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Leaders’ perceptions of how learning and development affects organisational performance: are size and sector moderators?

Leaders’ perceptions of how learning and development affects organisational performance: are size and sector moderators?
Leaders’ perceptions of how learning and development affects organisational performance: are size and sector moderators?
An extensive search of the literature revealed that only a few studies (e.g. Mabey and Ramirez, 2005) have examined the effects of executive development on organisational outcomes. Furthermore, it has been postulated that limited measures of executive and leadership development exist (Collins, 2002), and therefore, based on Luoma’s (2006) model of management development, an integrated measure is constructed in this research. In addition, this research advances an empirical examination of the relationship between a measure of executive learning and development (L&D) and a composite perceptual organisational performance measure (financial, market share, customer satisfaction, innovation, and employee engagement). Executive L&D is hypothesised to affect organisational performance on the basis of a number of interrelated theoretical concepts: Resource-Based View (Barney, 1991; Barney, 2001; Clulow et al., 2007), Dynamic Capabilities (Chien and Tsai, 2012; Eisenhardt and Martin, 2000; Zott, 2003), Human Capital (Rastogi, 2002; Ulrich, 1997; Wright et al. 2001) and Resource Dependency (Pfeffer, 1972; Pfeffer and Salancik, 1978; Hitt and Tyler, 1991; Hillman, 2005).

Furthermore, drawing on the Resource-Based View (Barney, 1991; Barney, 2001; Clulow et al., 2007) and Resource Dependency (Pfeffer, 1972; Pfeffer and Salancik, 1978; Hitt and Tyler, 1991; Hillman, 2005) theories, it is hypothesised that differences in firm size will have a bearing on the effects of executive L&D on organisational performance. Based on empirical research findings on learning orientation differences across sectors (e.g. Hyland et al., 2000; Taylor and Bain, 2003; Wright and Dwyer, 2003; Dymock and McCarthy, 2006; Lee and Tsai, 2005; Khadra and Rawabdeh, 2006; Lee-Kelly et al., 2007), it is hypothesised the effects of executive L&D on organisational performance will differ across sectors (service versus industry).

Initial validation of the executive L&D measure was based on data from a sample of 150 executives. Subsequently, data was collected from 222 organisational leaders across several geographic regions (Europe, USA, Africa, Asia, Australia) to allow further validation of the measure and to test the relations between executive L&D5 and organisational performance (profitability, market share, innovation, employee engagement, and customer satisfaction). The results derived from ordinal regression analysis suggest that organisations that implemented executive L&D practices tended to show improved organisational performance. The positive effects of strategic, experiential, participative, and structured executive L&D dimensions on the composite measure of organisational performance underscores the contribution of both formal and informal learning to organisational outcomes. Firm sector and size characteristics were also found to modify the organisational performance effects of executive L&D. Specifically, industry firms produced better performance effects of executive L&D than their service counterparts. In terms of firm size, Non-SMEs produced better effects of executive L&D on organisational performance than SMEs. An important practical implication emerging from this result is that HRD practitioners may have to align executive L&D to firm size and sector characteristics. Importantly, the research offers theoretical extension to the Resource-Based View and Resource Dependency concepts of the firm. From the practical perspective, the amalgamation of executive L&D dimensions into a broad measure (reflecting ambidextrous learning), offers a unique nexus of both concepts with practical implications. Specifically, this suggests that HRD practitioners and senior executives need to account for a wide range of learning (formal and informal) dimensions when designing and implementing executive L&D. The results of this research provide theoretical extension for a number of theories: Resource-Based View, Human Capital, Resource Dependency, Knowledge-based, and Dynamic Capability, given the positive effects of executive L&D on organisational performance. To conclude, this research provides an integrated measure of executive L&D, which can be applied across different firm sectors/sizes to drive organisational performance.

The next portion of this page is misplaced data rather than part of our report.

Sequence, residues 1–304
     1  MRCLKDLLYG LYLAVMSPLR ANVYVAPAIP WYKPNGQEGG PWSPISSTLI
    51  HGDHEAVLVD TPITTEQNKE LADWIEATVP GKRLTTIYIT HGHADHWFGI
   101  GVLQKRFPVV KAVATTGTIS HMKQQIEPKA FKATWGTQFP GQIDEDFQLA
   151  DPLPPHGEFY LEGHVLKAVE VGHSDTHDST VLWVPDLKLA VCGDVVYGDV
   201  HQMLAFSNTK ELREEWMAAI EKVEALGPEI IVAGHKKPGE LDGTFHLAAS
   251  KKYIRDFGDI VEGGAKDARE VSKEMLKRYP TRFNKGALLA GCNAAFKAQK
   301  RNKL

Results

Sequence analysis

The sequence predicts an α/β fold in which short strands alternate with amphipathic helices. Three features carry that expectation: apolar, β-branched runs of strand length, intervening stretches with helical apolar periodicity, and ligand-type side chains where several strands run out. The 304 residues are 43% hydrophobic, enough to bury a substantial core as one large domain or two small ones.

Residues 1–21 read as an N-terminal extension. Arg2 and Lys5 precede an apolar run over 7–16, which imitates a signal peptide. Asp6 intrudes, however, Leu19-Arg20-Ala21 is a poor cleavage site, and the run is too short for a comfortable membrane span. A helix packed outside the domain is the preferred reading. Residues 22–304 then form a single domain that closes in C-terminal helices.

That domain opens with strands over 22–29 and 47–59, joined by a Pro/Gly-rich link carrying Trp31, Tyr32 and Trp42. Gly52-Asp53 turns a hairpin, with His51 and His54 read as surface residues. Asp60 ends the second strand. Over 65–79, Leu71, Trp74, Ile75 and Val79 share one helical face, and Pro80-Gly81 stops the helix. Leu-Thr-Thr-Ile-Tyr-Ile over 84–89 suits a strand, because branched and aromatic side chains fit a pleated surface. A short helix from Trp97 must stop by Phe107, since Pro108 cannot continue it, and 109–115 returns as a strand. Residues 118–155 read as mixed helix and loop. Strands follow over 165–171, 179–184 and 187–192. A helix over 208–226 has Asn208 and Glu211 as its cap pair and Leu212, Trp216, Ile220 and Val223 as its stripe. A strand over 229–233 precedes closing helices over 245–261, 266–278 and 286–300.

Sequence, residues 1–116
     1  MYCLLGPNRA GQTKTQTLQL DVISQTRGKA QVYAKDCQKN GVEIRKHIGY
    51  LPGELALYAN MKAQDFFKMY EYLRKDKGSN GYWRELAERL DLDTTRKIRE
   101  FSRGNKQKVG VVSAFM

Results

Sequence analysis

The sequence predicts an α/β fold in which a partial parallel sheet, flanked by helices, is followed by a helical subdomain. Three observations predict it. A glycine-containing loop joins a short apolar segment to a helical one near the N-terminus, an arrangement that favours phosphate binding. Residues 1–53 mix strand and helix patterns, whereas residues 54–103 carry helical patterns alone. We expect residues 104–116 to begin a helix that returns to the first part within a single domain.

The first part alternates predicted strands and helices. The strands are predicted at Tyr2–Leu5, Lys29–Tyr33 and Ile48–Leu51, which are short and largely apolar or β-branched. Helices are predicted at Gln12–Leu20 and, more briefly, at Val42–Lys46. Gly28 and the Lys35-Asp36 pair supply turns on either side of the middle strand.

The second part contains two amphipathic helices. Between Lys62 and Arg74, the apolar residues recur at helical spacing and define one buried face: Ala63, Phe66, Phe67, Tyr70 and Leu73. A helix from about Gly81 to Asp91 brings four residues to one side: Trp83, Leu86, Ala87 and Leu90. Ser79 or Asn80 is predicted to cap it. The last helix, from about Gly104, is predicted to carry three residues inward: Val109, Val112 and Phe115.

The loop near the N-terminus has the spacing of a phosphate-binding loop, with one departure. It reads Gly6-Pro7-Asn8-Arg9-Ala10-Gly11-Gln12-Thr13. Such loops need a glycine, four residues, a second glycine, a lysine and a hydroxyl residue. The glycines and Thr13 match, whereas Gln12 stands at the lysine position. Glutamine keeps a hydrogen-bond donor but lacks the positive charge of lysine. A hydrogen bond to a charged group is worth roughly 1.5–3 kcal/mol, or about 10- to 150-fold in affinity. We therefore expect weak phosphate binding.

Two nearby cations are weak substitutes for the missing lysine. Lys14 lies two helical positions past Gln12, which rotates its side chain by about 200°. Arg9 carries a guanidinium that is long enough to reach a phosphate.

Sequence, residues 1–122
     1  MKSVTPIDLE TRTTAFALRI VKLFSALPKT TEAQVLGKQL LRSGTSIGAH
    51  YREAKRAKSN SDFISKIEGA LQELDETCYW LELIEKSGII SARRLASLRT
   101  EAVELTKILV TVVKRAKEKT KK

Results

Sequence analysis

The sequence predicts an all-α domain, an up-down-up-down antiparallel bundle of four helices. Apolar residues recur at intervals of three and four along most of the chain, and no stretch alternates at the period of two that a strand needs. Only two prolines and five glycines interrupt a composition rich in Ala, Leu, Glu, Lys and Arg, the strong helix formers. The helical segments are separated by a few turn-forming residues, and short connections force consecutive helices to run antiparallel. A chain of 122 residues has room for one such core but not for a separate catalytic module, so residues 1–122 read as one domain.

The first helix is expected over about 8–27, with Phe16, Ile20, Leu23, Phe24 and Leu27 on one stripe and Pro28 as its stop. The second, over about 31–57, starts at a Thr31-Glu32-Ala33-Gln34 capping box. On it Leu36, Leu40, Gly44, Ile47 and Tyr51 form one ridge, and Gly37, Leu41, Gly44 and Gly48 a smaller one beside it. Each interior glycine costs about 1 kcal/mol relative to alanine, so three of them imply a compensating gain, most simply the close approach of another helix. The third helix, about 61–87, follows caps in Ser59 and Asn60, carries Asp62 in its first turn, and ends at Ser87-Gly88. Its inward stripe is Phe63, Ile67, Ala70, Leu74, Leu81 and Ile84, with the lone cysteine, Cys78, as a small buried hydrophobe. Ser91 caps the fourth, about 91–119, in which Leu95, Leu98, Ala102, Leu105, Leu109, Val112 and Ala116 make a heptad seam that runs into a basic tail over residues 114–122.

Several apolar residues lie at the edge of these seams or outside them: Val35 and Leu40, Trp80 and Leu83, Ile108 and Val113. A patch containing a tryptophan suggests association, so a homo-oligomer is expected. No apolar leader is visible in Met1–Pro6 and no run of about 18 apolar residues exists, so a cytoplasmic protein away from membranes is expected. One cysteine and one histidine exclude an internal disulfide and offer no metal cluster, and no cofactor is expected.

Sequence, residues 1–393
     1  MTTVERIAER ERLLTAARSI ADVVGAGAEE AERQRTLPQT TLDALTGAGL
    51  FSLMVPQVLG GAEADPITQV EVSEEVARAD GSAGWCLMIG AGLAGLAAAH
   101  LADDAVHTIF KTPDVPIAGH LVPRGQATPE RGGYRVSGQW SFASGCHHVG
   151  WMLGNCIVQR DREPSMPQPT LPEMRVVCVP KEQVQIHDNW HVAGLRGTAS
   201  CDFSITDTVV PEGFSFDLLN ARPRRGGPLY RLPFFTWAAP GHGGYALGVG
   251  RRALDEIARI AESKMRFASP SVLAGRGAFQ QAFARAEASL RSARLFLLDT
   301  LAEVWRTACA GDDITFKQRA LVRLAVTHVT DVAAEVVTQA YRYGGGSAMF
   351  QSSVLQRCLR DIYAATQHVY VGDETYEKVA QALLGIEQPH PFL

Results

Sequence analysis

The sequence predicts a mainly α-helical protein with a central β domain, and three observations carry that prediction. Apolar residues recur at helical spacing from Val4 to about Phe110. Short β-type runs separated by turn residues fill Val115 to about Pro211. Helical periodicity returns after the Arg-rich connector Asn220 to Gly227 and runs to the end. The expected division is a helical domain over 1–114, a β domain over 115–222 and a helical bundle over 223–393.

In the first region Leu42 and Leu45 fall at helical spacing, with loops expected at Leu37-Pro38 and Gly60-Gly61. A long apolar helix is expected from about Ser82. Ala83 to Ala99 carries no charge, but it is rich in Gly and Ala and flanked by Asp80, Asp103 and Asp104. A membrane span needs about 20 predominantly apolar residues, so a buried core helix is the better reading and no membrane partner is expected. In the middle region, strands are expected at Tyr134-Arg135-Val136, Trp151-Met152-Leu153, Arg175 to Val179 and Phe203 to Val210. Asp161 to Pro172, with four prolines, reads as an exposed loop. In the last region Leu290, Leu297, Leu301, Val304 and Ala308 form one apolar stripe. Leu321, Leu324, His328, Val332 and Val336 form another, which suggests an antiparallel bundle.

Akrofi, Solomon
9483c5c0-0533-4597-8262-c97a05e4c9df
Akrofi, Solomon
9483c5c0-0533-4597-8262-c97a05e4c9df
Clarke, Nicholas
65a3df67-32ff-4e0a-8dd6-a65b5460dca1

Akrofi, Solomon (2013) Leaders’ perceptions of how learning and development affects organisational performance: are size and sector moderators? University of Southampton, School of Management, Doctoral Thesis, 337pp.